Marazzi unveils the photographic collaboration of Luigi Ghirri

Marazzi celebrates its collaboration with Luigi Ghirri

‘Luigi Ghirri: The Marazzi Years 1975 – 1985’ is now on display at the Palazzo Ducale in Sassuolo (until October 31, 2021), showcasing the extraordinary creative collaboration between the tile specialist and the Italian photographer

Between 1975 and 1985, Italian surface specialist Marazzi commissioned artist Luigi Ghirri to create a series of photographs that explored his catalogs of ceramic tiles in a poetic and expressive way. Thirty photographs from this collection are now on display at the Palazzo Ducale in Sassuolo (until October 31, 2021) in the exhibition “Luigi Ghirri: The Marazzi Years 1975 – 1985”, curated by Ilaria Campioli, and are part of a book by same title. The exhibition is scheduled to travel internationally, with the next stop being Paris, where the collection will be presented at the Italian Cultural Institute in November 2021, during Paris Photo.

Marazzi and Luigi Ghirri

‘Luigi Ghirri: The Marazzi years 1975 – 1985’ © Eredi Luigi Ghirri. Courtesy of Marazzi Ceramiche

Marazzi is no stranger to creative collaborations. Having started the company in 1935, Filippo Marazzi explored the identity of ceramic surfaces at a time when they were becoming popular, through collaborations with figures such as Venerio Martini and Gio Ponti. The founder’s grandson (also Filippo Marazzi) followed in his grandfather’s footsteps in the 1980s with the opening of an R&D department which he named crogiolo (the crucible).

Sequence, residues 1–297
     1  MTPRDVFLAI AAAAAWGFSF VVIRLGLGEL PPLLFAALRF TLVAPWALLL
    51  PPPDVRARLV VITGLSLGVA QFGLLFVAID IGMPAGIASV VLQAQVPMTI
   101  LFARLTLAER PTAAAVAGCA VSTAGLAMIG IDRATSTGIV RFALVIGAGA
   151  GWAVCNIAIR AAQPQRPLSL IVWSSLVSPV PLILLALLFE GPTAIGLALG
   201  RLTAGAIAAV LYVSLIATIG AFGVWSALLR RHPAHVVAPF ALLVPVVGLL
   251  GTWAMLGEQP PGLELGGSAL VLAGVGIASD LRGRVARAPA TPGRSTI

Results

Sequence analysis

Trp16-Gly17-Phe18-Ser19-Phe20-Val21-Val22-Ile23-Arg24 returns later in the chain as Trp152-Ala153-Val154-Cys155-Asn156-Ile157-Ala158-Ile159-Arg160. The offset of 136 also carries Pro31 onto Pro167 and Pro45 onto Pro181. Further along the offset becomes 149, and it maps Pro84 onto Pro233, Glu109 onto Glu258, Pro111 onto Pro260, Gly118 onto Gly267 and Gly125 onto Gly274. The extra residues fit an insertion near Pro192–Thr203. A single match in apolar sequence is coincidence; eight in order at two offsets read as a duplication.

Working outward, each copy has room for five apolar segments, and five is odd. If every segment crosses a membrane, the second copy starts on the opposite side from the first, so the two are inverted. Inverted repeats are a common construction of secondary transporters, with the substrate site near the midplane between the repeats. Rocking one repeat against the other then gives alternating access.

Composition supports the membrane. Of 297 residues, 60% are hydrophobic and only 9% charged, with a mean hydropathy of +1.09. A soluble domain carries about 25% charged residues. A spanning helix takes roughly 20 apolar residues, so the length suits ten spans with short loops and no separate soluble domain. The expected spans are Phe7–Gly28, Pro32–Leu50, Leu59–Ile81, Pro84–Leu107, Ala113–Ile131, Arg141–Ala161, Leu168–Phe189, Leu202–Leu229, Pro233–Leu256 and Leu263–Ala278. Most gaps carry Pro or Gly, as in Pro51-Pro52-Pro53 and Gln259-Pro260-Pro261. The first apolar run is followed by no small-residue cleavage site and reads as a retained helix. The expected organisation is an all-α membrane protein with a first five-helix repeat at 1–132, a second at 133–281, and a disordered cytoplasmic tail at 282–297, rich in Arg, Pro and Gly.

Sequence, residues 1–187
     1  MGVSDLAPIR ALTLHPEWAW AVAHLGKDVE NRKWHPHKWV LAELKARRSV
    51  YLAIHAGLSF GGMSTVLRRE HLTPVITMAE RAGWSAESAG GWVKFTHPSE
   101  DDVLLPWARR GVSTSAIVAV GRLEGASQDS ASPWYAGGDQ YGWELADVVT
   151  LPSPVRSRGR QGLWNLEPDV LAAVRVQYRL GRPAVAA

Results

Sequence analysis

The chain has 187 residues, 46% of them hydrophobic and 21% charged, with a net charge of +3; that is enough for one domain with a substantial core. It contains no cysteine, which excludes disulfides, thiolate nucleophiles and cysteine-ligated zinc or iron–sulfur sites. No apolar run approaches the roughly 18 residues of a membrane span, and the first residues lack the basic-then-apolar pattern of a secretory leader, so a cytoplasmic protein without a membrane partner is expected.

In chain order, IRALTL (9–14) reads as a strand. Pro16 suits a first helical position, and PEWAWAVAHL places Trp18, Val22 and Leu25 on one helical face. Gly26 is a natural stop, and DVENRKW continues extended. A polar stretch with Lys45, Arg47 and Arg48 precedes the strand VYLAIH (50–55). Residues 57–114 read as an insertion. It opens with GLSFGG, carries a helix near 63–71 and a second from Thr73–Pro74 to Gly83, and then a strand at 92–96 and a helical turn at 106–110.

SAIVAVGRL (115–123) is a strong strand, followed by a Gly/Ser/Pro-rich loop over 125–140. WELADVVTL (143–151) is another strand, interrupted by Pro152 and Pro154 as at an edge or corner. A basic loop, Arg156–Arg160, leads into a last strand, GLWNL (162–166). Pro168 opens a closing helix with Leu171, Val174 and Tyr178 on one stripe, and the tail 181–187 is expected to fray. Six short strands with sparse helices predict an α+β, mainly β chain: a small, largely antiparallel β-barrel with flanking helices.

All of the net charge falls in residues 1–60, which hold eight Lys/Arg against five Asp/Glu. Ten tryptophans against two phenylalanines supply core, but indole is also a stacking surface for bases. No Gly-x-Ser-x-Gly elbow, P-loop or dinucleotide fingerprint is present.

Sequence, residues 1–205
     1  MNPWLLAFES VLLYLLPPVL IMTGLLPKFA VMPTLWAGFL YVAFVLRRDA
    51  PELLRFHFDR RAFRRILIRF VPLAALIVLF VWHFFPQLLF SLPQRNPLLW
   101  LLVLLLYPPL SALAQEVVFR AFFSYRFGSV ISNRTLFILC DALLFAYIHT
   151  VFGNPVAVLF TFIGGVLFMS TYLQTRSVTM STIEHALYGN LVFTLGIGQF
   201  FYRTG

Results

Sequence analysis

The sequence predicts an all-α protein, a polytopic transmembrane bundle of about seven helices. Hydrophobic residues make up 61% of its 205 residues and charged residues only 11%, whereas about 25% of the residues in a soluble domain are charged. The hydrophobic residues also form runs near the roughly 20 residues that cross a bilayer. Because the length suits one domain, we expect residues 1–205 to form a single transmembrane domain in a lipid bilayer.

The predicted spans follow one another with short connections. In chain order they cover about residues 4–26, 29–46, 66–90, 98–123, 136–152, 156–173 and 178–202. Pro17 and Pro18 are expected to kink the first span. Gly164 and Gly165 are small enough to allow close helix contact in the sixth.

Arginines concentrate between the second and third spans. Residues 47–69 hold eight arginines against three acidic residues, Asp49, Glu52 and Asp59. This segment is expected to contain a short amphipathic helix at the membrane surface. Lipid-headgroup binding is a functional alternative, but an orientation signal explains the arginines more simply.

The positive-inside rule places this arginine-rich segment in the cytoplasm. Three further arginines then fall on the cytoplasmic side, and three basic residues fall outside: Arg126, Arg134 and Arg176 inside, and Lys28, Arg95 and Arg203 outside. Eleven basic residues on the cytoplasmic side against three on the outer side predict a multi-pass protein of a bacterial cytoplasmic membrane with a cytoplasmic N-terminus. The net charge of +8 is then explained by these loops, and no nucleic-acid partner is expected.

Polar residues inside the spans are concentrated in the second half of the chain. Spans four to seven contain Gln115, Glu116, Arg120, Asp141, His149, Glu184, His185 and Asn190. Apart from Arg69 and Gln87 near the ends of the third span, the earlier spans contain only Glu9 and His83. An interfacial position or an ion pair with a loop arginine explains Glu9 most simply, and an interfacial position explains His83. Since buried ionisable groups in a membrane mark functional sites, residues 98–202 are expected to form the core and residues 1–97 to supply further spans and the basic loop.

Among the creative collaborations launched by the third generation of Marazzi are works by world-renowned photographers and artists such as Gianni Berengo Gardin, Cuchi White and Charles Traub. Ghirri was among them and became a long-term contributor to Marazzi’s creative growth. Growing up near Marazzi’s headquarters, Ghirri had a special understanding of the product and its creation, and in 1975 he began documenting Marazzi tiles in a free and poetic way. Over the next ten years until 1985, Ghirri created dozens of photographs which, for the most part, remained locked away in the company archives.

Photography: Héctor Chico and Andrea Rossetti

The imaginative photography, reads a text accompanying the exhibition, forms “a research in which ceramics are read as surfaces and a mental space, an infinite possibility of composition, light and color”. Ghirri played with ceramic surfaces to create landscapes, architectural spaces, backgrounds of aesthetic follies. He has used flowers, objects, shadows and drawings to populate his images, creating an eclectic portfolio that showcases his vision as a photographer as well as Marazzi’s exemplary pieces.

“In his work for Marazzi, Luigi Ghirri included the ceramic material in a broader reflection on representation,” explains Campioli. “Surfaces are part of this system of measuring and reducing the world to scale, which was so important to the artist at that time. The combination of the different planes and grids allowed him to deepen and reflect on knowledge and learning, as if it were a new page on which to learn to write and draw each time.’§

Photography: Héctor Chico and Andrea Rossetti

Michael E. Marquez